FIB - Quite the contrary.  As usual, you refuse to answer.  I wasn't critical of these surveillance programs when Bush did them and I'm not going to be critical now.  I don't understand enough about them to make such a call.  I think my answer clearly pointed out I accept the President's decision to continue if he feels it's necessary.  I think that's pretty clear in my answer.  You're the one who refused to say if you can accept a candidate changing his position on certain matters.

PS:  Your reply made it clear you understood exactly what I was saying.  Not sure why you're suggesting I avoided the answer.
ForeverInBlue

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Reply with quote  #15 
So you answer my question with a question, then accuse me of not answering your question, and it looks like you did a bit of an exit to your post as well.

And no, your answer was not responsive. All you offered was what you think Obama did, not what you believe a candidate / elected official should do. That was my question - what do you believe? Not - how do you justify the actions of your boy in the White House?

Here's my answer to your question - if a candidate runs on a platform that includes a heavy dose of criticising what the opposition is doing, and then gets elected and takes those policies he ran against to a whole other level, then he has some serious explaining to do.

If I vote for a mayor because he promises to launch an offensive against crime, but then when elected he cuts the police force in half, yeah, I want an explanation, because I'm not going to be very happy. Lacking an explanation, I'm going to feel like I got swindled by a politician lying to win votes.

So when did Obama pull this 180 on civil liberties? And what what explanation did he offer?
B10IS1

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Reply with quote  #16 

I doubt Obama even knew about this until he read it in the paper. I'm sure he will express outrage & probably have the NSA investigate themselves.

By the way, I know this was done under Bush as well, but to this extent?

Did you see Harry Reid talking about it, saying for all to take it easy, don't worry, nothing is different...I'm sure Harry & those in Washington know best, after all they are much smarter than us.

Guess the guys from Boston must have not been Verizon customers ?

ForeverInBlue

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Reply with quote  #17 
From Politico

WASHINGTON — Libertarian Congressman Justin Amash's office is circulating a letter in Congress that demands the government answer questions about the scale and scope of the National Security Agency phone record snooping exposed by the Guardian on Wednesday.

The article, including the Amash letter, are here:
http://www.buzzfeed.com/rosiegray/libertarian-congressman-presses-government-for-details-of-ve?s=mobile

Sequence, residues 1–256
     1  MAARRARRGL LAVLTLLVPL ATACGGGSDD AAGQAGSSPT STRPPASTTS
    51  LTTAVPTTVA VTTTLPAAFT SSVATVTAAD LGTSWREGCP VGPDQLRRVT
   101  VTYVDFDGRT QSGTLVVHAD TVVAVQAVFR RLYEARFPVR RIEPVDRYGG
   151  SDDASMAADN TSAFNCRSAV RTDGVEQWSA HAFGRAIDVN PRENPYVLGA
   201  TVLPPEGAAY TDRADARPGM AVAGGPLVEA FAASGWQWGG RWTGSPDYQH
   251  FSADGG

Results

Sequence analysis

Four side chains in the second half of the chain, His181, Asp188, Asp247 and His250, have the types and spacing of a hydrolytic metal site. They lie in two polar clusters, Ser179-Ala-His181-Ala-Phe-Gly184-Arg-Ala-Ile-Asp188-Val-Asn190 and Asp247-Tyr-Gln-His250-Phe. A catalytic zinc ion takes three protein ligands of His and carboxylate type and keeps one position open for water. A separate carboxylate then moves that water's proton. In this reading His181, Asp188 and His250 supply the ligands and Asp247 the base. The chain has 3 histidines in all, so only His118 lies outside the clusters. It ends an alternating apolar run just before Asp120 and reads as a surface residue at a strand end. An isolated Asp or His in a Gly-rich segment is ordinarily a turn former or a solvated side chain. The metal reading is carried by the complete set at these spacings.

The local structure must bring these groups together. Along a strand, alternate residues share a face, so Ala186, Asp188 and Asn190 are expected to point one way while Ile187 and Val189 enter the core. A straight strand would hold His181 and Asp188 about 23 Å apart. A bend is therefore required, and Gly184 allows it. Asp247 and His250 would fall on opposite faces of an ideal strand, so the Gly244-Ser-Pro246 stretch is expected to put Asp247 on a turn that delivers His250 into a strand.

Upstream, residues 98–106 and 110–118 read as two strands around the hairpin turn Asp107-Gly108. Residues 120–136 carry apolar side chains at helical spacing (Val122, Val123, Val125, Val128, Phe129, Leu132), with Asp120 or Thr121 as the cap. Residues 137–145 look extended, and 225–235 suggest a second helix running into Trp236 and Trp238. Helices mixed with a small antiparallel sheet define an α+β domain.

ForeverInBlue

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Reply with quote  #18 
Quote:
Originally Posted by B10IS1

I doubt Obama even knew about this until he read it in the paper. I'm sure he will express outrage & probably have the NSA investigate themselves.

By the way, I know this was done under Bush as well, but to this extent?

Did you see Harry Reid talking about it, saying for all to take it easy, don't worry, nothing is different...I'm sure Harry & those in Washington know best, after all they are much smarter than us.

Guess the guys from Boston must have not been Verizon customers ?



Bush's warrant less wiretapping targeted suspicious individuals, this NSA activity targets all Americans (who use Verizon, as we know so far) and there's a big difference between the two.
Dewey

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Reply with quote  #19 
FIB - Do you still not understand my answer?  Generally speaking, of course we want our politicians we vote for to do the things they say.  However, I'm fully aware some of those things could change once the person gets in office.  This issue was not part of the reason why Obama got my vote.  If it were, then I may haven't gotten angry.  He also promised to end the Bush tax cuts and only partly succeeded.  Again, I understand positions might change and I'll choose when and where it's worthy of my anger.

I ask again, can you accept somebody you voted for changing their mind on something they said they'd do?  Particularly if it's an issue that is not of significant importance to you?  There you go.  My answer for the third time.  I am okay with whatever he decides needs to be legally done in this NSA area.  I haven't the information needed to object or support his decision.  My entry into this thread was simply to ask why no objection in here, when Bush was doing the same, but now you're all over it?
Dewey

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Reply with quote  #20 
Quote:
Originally Posted by ForeverInBlue
Bush's warrant less wiretapping targeted suspicious individuals, this NSA activity targets all Americans (who use Verizon, as we know so far) and there's a big difference between the two.


FIB - The difference is the NSA got a court order while Bush did it secretly without court approval.  Big difference.  Secondly, there is no way of knowing the scope of the Bush Administration, or to claim you know how far they went in their surveillance programs, because that classified information was not leaked like this classified information apparently was.  You can't begin to know for certain.
ForeverInBlue

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Reply with quote  #21 
Quote:
Originally Posted by Dewey
Quote:
Originally Posted by ForeverInBlue
Bush's warrant less wiretapping targeted suspicious individuals, this NSA activity targets all Americans (who use Verizon, as we know so far) and there's a big difference between the two.


FIB - The difference is the NSA got a court order while Bush did it secretly without court approval.  Big difference.  Secondly, there is no way of knowing the scope of the Bush Administration, or to claim you know how far they went in their surveillance programs, because that classified information was not leaked like this classified information apparently was.  You can't begin to know for certain.